Grim Fandango is a relic. In the past decade of countless sequels and un-needed reboots it stood as an untouchable gem, a crown on the kingdom of the forgotten Lucasarts adventures of the past. As good as the game was it seemed incredibly unlikely we would ever see it again. That was until last year when Tim Schaefer announced that Double Fine and Sony have worked together and wrestled the license away from Disney who had bought and have more or less squandered the Lucasarts legacy.
There is not much I can say about the story without ruining the intrigue, so I won’t do that for the sake of spoiling one of the best examples of pen to paper that exists in our favourite medium. The story follows the hapless Manuel Calavera (but you can call him Manny.) He was once the top travel agent for those passing into the land of the dead, he would sell travel packages to the recently deceased to make their trip across the Eighth Underworld a safer and more pleasant experience. These packages come at a price of the actions that the person had committed during their time in the living world; The low lives and scum have to walk a four year journey across treacherous landscapes filled with dangerous creatures and in the company of others of their distinction. However if they were a saintly person who dedicated their lives to helping others then they would be granted an express ticket on the Number Nine, a direct four minute journey straight to the Ninth Underworld, the land of eternal rest.
Manny deals with the former, weeding his way through unworthy clients in a bid to pay off his debt for his own ticket to paradise. As he begins to suspect that his clientèle is being picked for him and that his colleague is getting all of the good clients he begins to uncover a truth that will send him on his own four year journey across the Eighth Underworld, chasing after a recently dead girl who wrongfully gets made to walk the dead wastes. Although you only control Manny you do meet a cast of colourful characters that help and hinder your progress throughout the story. This cast of Calaca style figures are what make this game special. Everyone has a story to tell and each character adds something, whether it be big or small, comedic or deadly serious.
As treacherous as it sounds the Eighth Underworld is a joy to revisit. The pre-rendered backgrounds have been touched up to suit the modern consoles with a added dose of clarity, albeit in it’s squished aspect ratio. The backgrounds look just as good as I remember when I played back when the game first came out. Sadly the polygonal characters are also exactly as I remember, all of the characters bar Manny and his friends are quite jagged in appearance. I wasn’t expecting to have smoothed out models and rounded edges but I would have expected some of the fuzz to be removed from edges. There are also a few animation glitches which which occur during dialogue scenes and sadly some of the cutscenes which are presented out of engine. The spoken dialogue also features similar fuzz which can be quite jarring although it is quite understandable that Double Fine did not want to touch this to preserve the original work and I offer power to them for this decision. Others may find it a bit unsatisfactory though in this day and age. The music is one of the aspects that has received some loving attention, the smooth jazz and film noir style soundscapes really set the scene and they never get annoying to listen to, perfectly setting the mood while you ponder away at the brain teasers.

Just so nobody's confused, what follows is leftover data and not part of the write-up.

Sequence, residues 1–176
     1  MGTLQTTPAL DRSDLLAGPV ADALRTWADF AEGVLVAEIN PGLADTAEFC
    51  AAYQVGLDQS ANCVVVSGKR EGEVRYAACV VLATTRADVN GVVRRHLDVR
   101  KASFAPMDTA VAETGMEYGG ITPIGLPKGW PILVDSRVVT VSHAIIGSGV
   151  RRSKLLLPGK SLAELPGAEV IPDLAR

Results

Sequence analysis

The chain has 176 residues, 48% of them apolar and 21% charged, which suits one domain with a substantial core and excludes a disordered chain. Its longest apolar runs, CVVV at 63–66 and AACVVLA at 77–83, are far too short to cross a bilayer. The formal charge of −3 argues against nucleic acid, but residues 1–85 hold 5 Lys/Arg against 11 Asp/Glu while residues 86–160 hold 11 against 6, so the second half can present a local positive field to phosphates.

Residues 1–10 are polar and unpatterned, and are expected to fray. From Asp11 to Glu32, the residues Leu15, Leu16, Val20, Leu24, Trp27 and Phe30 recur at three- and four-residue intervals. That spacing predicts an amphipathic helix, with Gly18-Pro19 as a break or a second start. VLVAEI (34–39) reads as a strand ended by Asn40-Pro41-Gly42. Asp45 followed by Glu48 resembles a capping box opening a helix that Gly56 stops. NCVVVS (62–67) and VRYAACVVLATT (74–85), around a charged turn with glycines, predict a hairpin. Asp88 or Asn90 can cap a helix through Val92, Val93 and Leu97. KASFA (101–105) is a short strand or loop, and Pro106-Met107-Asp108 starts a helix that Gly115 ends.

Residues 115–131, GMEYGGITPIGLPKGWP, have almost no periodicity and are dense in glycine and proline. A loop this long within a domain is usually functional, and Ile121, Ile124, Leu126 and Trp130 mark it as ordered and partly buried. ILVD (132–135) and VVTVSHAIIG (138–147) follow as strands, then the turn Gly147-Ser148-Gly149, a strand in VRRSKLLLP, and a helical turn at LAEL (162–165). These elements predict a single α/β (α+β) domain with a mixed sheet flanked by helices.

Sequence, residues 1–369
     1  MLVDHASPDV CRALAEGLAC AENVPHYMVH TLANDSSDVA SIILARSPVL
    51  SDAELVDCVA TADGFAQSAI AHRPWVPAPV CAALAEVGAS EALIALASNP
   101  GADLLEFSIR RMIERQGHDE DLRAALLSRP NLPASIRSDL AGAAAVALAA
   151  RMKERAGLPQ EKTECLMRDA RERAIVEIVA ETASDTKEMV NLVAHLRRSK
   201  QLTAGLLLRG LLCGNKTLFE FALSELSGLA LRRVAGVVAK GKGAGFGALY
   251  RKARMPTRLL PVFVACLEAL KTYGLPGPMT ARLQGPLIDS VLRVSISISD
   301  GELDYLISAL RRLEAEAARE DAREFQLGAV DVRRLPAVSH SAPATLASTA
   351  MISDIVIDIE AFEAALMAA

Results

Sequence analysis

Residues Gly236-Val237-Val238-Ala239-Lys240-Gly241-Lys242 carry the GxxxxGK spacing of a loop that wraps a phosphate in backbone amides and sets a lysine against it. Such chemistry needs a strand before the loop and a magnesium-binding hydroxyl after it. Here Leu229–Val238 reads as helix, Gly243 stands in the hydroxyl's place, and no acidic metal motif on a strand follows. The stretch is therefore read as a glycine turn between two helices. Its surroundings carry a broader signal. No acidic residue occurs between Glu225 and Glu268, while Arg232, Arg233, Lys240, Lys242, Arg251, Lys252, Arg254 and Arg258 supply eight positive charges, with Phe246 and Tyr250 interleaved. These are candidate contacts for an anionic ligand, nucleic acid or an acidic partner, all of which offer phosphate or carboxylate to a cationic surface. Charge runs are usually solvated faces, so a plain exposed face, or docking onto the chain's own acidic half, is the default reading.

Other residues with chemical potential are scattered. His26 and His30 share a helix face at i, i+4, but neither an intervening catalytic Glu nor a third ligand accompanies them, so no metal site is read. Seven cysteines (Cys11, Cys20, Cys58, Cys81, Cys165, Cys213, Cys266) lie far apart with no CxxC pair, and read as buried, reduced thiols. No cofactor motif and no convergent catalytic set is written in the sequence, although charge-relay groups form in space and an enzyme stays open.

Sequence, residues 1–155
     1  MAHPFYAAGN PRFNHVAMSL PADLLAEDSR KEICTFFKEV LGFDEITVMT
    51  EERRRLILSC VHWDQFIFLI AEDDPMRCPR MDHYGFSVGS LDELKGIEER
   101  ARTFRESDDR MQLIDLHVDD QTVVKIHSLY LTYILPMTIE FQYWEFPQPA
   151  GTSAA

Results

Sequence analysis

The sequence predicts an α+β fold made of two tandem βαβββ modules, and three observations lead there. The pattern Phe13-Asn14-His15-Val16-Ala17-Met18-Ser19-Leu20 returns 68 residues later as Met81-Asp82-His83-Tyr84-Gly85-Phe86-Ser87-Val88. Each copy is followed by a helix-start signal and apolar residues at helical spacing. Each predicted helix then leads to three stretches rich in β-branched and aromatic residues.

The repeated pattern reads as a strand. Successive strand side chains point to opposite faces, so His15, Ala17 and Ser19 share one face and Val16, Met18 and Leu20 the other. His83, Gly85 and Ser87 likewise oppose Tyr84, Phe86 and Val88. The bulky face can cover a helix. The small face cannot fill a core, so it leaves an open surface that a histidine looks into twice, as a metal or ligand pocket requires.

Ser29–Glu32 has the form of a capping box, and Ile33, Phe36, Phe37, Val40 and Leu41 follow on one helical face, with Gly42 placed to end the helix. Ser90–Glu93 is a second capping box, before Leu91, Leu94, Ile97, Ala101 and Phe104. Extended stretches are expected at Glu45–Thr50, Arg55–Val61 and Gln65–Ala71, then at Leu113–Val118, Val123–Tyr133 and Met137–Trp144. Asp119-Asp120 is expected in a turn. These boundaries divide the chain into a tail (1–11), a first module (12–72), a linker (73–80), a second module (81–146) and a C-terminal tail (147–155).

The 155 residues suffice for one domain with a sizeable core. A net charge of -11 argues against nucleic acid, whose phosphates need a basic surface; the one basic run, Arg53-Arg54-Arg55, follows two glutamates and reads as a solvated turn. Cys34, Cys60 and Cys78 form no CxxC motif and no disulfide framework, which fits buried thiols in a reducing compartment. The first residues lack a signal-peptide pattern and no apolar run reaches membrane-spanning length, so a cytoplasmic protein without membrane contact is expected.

Grim Fandango is an adventure game so you should know how this works. You approach items and scenery with the left stick and then hit the X button to pick things up you can either use your wits or just rub every item on every piece of scenery to pass a puzzle if you cannot think of an answer. The movement is updated from the classic controls which were more tank like originally. This is referenced by the comical trophy which rewards you for completing the game with it. Good luck sitting through with controls like that though, Grim Fandango is already a slow paced game without having to worry about stopping to turn on the spot like you would in Resident Evil. Why anyone would want to play with this control scheme when a much better alternative is available is beyond me, apart from Trophy hunters of course. These updated controls are far from perfect however. There are a few moments in which they completely break on you. A scene I remember in particular is a part where you have to operate a crane on a cul-de-sac style island, an up and down movement would raise and lower the crane with a five second cutscene attached while the left and right controls just seem to do nothing. In the end I had to tease the crane around until it did what I wanted it to do, but not without spitting and cursing over the repetitive animation that kept playing when I messed up. Luckily these moments are fleeting, they could have been a larger, more considerable stain on such a great experience if not.
Speaking of the Trophy hunt I have to commend Double Fine for their selection of rewards. You could get most, if not all from a single playthrough but unless you are looking at a guide you are likely to miss at least a couple as they all involve exploring the game to its fullest and for a game like Grim Fandango with its beautifully realised world you should be doing exactly that.